Lexicons for Low-Resource Languages
For the source language a lexicon is needed which can be referenced for every word in the text that is to be translated. A lexicon gives us a lot of useful information about a word such as its grammatical category or part of speech. For the target language a lexicon is also needed since words from the source text need to end up as valid target words. In other words, the target language lexicon will help determine if words are well-formed. A resource like a lexicon may not be easy to obtain in a low-resource language. The linguist may need to create it if there has never been an electronic lexicon before. How can a person create a lexicon in a language that has never had one? It is a big job and requires extensive help from the language community. What tool can be used to hold the lexical data? There are many tools available, but it would be ideal if it is a tool that is commonly used by linguists for lexicography. When thinking about it from an MT perspective it should be a kind of database. A database that is highly normalized — where consistency of the data is maintained.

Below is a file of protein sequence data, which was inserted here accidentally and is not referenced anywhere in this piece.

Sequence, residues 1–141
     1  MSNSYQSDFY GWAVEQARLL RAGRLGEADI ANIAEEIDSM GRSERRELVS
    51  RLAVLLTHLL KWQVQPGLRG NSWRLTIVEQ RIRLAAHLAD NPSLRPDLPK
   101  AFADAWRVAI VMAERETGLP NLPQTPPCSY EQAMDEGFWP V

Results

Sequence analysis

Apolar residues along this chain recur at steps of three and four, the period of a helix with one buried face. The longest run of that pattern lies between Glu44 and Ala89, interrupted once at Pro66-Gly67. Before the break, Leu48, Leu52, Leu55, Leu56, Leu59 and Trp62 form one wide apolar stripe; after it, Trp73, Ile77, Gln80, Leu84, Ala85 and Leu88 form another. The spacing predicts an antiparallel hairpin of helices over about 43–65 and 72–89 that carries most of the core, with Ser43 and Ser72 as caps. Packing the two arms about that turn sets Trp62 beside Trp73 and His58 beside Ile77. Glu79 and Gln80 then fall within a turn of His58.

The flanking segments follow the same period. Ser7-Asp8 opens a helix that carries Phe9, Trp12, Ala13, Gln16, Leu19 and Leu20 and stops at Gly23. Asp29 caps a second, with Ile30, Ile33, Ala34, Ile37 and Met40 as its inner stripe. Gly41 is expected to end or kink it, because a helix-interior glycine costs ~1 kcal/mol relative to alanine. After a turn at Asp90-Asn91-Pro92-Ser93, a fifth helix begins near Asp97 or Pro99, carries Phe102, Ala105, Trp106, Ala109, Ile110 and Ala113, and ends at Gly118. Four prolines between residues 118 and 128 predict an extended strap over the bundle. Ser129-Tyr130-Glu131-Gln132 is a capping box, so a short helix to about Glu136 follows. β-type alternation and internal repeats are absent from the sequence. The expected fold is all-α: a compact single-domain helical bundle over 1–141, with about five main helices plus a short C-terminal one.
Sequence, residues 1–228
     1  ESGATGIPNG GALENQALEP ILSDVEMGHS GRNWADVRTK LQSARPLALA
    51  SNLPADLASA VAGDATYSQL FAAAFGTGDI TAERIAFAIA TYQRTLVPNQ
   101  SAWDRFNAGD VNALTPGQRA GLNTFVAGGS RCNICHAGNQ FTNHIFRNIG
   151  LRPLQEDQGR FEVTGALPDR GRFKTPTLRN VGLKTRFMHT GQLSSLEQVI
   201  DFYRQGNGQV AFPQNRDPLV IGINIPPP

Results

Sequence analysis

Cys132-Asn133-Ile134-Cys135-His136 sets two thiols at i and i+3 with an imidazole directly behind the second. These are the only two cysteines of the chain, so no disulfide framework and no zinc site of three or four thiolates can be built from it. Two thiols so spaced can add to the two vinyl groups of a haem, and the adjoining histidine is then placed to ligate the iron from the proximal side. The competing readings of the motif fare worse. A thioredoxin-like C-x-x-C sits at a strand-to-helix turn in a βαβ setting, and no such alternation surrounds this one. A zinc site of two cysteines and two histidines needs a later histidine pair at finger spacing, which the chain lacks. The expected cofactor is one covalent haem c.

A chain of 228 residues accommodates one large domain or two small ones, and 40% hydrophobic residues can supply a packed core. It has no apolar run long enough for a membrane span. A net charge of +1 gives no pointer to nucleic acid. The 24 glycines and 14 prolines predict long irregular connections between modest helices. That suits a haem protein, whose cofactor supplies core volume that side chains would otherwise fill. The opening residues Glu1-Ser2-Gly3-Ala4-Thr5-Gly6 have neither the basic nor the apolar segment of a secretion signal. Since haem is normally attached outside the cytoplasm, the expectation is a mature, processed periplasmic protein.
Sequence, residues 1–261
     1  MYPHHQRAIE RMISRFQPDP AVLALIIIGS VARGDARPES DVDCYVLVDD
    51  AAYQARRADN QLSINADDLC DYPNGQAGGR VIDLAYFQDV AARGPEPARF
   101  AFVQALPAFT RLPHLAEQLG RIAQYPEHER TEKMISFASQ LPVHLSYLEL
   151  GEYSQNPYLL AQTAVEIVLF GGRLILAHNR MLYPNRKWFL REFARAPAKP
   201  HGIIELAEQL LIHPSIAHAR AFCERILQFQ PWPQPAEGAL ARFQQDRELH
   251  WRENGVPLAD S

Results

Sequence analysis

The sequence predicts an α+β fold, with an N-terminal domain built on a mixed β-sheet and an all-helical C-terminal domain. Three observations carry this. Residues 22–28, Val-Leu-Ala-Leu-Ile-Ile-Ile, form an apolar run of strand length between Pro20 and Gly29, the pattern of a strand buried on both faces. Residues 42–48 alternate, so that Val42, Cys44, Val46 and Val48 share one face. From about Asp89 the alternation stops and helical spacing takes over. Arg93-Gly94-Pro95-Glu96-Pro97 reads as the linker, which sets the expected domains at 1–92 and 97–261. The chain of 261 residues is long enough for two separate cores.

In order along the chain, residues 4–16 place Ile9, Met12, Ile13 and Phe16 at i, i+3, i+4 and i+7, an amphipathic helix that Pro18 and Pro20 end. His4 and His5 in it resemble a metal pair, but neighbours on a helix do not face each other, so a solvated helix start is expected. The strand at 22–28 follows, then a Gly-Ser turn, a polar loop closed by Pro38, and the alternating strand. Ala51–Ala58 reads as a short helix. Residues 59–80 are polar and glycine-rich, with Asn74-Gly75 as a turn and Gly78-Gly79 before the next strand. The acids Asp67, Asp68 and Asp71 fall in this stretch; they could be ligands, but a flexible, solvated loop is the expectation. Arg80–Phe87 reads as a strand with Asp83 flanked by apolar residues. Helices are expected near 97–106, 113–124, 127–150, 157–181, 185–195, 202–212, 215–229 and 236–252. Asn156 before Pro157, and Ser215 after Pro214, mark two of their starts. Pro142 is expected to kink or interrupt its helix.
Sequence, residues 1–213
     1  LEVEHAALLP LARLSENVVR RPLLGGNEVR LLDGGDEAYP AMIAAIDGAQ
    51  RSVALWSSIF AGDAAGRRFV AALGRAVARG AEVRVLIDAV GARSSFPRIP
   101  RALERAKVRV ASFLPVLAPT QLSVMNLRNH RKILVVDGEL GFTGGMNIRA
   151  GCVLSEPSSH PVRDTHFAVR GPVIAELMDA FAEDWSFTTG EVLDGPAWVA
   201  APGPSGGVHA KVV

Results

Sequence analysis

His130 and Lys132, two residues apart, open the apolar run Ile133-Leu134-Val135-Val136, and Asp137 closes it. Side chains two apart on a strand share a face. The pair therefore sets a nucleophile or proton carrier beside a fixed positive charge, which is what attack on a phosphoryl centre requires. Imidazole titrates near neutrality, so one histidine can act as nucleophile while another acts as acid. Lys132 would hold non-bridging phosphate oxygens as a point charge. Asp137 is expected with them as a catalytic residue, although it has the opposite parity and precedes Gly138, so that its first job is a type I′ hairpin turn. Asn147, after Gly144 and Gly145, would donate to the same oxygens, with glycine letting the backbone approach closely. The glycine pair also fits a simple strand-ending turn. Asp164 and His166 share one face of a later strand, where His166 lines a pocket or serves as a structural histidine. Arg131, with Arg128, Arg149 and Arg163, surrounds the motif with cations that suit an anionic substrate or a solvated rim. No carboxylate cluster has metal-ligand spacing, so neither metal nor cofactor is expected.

For the MT task, only a minimal amount of information is really necessary in a lexicon. Just having the form of the word, a lemma and a grammatical category might be sufficient, but a linguist and the language community might be interested in much more than this. They might want to have a gloss or definition of the word in another language at a minimum and there are many more useful things such as example sentences, synonyms, antonyms and notes. It would be a huge advantage to have a lexicon tool that can handle all this information and at the same time serve as a repository for words in an MT system. A bilingual lexicon where source words are linked to target words is also a needed resource. A bilingual lexicon is very important because it tells the transfer process how to convert a source word to a target word. A bilingual lexicon needs to be able to deal with homographs (words that have the same written form but different meanings) and be able to distinguish between them. When we consider linking words together we must consider at what level we are linking them. A bilingual lexicon can link just the forms, it can link form plus grammatical category or it can link at the level of senses of words. Having more granularity in how linking is done between source and target languages is preferable. The higher the degree of granularity there is, the higher chance there is to resolve ambiguity